Isn’t it interesting how our preferences for aromas and flavours change over time, influenced of course by producers, restaurants and chefs. In general we prefer dry white wine, we think a ragout made of pied de moutons, morels, Comté, oranges, bread crumbs and samphire is really intriguing and why not serve tea with your main dish?
Years ago we probably would have loved poached cod with Hollandaise Sauce and a small carrot sautéed in butter accompanied by a glass of Muscadet. But not today. No poached fish and no soft buttery carrots.
Fashion is about change; not improvement.
Let’s revisit the fish with Hollandaise Sauce and give it a ‘modern’ twist: we very gently fry the fish and serve it with a delightful Kimizu.
We mentioned Kimizu earlier when we wrote about White Asparagus. In this case we will make the sauce lighter by adding extra water. It’s wonderful to see and feel the consistency of the Kimizu in combination with the soft, opaque fish.
We enjoyed our fish with a glass of Chardonnay, produced by Antonin Rodet. The wine is made from 100% chardonnay grapes. Its aromas made us think of peach. It has clear floral notes. The taste is rich, with flavours of ripe fruit, subtle oak and minerality.
In general we would suggest a chardonnay with a little oak and a long finish.
What You Need
- For the Fish
- Fresh Cod
- Olive Oil
- White Pepper
- For the Kimizu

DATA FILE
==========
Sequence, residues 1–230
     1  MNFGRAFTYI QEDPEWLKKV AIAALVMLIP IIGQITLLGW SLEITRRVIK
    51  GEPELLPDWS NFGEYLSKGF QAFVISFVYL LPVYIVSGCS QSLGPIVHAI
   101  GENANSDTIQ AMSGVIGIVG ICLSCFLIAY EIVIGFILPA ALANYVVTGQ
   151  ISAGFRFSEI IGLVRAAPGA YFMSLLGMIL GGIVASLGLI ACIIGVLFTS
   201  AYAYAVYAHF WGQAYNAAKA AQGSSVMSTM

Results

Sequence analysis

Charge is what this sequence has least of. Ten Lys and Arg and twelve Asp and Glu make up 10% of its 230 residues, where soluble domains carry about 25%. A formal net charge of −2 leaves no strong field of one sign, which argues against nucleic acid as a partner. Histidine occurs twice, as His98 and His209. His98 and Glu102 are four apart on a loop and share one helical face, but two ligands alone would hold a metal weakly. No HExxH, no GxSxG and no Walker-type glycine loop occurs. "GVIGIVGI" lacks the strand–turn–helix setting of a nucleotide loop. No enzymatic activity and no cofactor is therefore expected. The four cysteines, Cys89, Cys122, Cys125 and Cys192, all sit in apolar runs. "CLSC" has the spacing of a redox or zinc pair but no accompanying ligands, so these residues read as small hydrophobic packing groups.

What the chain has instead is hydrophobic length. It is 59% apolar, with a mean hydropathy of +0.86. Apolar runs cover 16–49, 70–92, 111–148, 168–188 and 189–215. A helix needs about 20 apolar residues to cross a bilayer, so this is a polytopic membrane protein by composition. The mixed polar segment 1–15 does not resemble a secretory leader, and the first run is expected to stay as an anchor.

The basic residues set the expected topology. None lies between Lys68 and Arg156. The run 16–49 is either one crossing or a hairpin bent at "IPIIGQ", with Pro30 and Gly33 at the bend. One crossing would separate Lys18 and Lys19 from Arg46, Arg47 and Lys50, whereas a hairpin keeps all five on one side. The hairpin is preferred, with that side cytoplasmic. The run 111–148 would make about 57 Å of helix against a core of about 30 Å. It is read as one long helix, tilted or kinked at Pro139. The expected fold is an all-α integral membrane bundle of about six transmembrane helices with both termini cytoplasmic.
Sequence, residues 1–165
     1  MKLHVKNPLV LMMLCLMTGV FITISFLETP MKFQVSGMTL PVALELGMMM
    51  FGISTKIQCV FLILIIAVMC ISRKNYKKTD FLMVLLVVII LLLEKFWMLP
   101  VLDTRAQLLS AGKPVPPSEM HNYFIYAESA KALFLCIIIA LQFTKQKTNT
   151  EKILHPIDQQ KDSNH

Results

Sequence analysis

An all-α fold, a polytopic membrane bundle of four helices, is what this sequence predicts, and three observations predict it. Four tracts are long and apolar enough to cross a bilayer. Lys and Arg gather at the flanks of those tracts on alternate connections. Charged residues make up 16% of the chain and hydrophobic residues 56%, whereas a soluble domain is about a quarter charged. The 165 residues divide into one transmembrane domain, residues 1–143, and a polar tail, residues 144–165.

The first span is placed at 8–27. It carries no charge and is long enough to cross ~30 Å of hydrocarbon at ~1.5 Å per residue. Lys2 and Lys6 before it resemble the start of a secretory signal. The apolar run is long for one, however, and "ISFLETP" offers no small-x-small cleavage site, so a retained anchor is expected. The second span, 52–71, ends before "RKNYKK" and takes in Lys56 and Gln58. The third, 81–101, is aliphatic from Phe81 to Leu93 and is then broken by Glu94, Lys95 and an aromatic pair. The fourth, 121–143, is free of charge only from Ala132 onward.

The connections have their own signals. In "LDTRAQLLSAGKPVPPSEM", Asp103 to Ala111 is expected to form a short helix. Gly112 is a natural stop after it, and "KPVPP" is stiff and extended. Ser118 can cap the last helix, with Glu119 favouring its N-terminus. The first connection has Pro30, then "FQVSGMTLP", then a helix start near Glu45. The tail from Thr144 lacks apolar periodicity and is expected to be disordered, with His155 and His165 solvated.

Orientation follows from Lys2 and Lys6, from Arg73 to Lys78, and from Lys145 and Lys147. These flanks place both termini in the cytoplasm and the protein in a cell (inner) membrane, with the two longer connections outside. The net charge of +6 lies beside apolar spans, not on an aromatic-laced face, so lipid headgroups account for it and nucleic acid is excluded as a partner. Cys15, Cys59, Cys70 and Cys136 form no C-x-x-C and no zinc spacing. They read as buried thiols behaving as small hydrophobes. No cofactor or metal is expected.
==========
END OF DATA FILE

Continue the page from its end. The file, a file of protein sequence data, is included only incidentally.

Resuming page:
- 2 Egg Yolks
- 1,5 tablespoon of Rice Vinegar (depending on the size of the egg yolks and the acidity of the vinegar)
- 3 tablespoons of Water
- 2 teaspoons of Mirin (1 could also be fine, depending on your taste)
What You Do
Warm a non-stick frying pan. Lightly coat the pan with olive oil and butter and then place the pan over medium-high heat. Gently fry until nearly done. Best would be to buy tail end with the skin on, allowing you to fry the fish on its skin. Turn it for a few seconds, allowing for a light golden colour. The fish is ready when the flesh has become opaque.
In parallel whisk the two egg yolks, add the rice vinegar, the mirin and the water. Whisk well. Now set your microwave to 90 seconds and 30% power. Give the mixture 10 seconds and whisk, Repeat this with 5 seconds of warmth followed by whisking. You will notice the change in the consistency. Depending on the size of the eggs, the temperature of the ingredients and the quality of your microwave this may take something like 60 seconds.
Serve the fish with white pepper and a generous helping of kimizu. And if it makes you smile, please add some carrots, sautéed in butter!